ECG and quality control in general practice (English abstract).
Just about every general practice surgery has an ECG machine. Procedural mistakes produce flawed recordings, and can cause diagnostic errors. A search in PubMed revealed that most of the studies done pertain to hospital medicine. The most common mistakes were:
Incorrect placement of the precordial leads, mainly a vertical displacement of V1, V2 and that V4-V6 are placed to low and too far to the left.
Electrode placement interchanges, by mainly switching left and right electrodes and the wrong leads of the precordial electrodes.
A simple survey was done of 12 general practices with 27 doctors and 30 ancillary staff workers. The ancillary staff workers were asked to do an ECG on me, and fill in a short questionnaire regarding electrode placement. This revealed that the same procedural mistakes are common in general practice, and that a lot of the ancillary staff do not know the correct electrode placement. The ECG results were compared to 20 ECGs taken of me at the National Hospital (Rikshospitalet) over a period of 3 weeks. Only 4 of the 30 ECGs had all values within 2 standard deviations of the measurements done at Rikshospitalet.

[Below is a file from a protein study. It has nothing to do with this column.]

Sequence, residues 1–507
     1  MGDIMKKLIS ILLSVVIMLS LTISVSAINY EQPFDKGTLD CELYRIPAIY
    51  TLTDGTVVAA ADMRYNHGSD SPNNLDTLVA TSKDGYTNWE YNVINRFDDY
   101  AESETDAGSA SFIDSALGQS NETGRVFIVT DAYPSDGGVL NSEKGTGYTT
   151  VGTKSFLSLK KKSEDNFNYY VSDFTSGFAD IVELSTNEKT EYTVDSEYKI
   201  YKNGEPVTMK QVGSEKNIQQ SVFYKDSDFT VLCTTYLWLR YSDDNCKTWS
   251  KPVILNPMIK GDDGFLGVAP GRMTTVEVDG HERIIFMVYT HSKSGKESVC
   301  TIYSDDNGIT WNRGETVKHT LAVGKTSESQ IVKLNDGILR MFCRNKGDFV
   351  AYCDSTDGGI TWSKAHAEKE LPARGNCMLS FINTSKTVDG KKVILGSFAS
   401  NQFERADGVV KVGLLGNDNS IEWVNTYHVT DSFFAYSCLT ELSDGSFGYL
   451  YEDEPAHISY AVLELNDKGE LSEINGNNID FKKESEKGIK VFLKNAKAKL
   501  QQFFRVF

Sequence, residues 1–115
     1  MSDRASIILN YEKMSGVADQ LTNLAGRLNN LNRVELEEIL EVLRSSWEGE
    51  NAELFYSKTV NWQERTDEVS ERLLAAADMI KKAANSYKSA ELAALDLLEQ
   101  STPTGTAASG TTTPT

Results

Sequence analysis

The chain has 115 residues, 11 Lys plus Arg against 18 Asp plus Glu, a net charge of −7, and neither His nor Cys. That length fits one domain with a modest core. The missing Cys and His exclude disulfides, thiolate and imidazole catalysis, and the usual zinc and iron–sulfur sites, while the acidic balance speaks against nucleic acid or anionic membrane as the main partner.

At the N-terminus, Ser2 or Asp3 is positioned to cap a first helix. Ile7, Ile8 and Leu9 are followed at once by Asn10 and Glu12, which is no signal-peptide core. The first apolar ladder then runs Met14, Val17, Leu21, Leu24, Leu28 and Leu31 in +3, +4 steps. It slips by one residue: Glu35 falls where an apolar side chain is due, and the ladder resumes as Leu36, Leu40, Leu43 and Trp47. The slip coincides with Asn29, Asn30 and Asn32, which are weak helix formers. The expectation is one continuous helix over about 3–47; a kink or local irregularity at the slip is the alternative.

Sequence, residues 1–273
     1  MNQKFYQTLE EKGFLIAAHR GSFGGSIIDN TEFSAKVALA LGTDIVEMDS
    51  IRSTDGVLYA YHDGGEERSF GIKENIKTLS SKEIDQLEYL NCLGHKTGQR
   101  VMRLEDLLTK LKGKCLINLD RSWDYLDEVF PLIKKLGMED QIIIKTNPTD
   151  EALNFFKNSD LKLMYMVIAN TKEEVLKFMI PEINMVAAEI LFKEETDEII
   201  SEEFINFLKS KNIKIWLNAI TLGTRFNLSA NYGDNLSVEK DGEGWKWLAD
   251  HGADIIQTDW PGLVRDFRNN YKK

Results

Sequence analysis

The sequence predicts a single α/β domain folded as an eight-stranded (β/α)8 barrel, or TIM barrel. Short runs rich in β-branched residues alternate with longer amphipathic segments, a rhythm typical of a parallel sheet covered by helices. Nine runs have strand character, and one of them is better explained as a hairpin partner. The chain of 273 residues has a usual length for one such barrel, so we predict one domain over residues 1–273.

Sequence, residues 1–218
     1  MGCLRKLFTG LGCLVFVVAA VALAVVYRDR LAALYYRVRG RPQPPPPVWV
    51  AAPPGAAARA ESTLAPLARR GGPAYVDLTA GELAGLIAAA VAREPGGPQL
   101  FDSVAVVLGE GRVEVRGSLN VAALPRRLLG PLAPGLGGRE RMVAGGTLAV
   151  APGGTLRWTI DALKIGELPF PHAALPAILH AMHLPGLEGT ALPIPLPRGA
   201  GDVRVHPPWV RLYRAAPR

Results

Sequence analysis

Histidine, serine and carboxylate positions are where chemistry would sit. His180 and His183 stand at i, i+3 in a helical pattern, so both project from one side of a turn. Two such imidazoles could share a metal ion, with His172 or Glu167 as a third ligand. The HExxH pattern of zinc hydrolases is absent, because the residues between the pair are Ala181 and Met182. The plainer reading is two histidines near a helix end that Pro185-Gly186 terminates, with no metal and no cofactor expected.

The doctors were asked to evaluate six ECGs. Three were normal and three demonstrated the most common procedural mistakes. Only five of the 27 doctors suggested that the abnormal ECGs were cause by procedural mistakes.
This survey indicates that ECG procedural errors are common in general practice, that they influence ECG measurements and that doctors need to be more aware of the problem.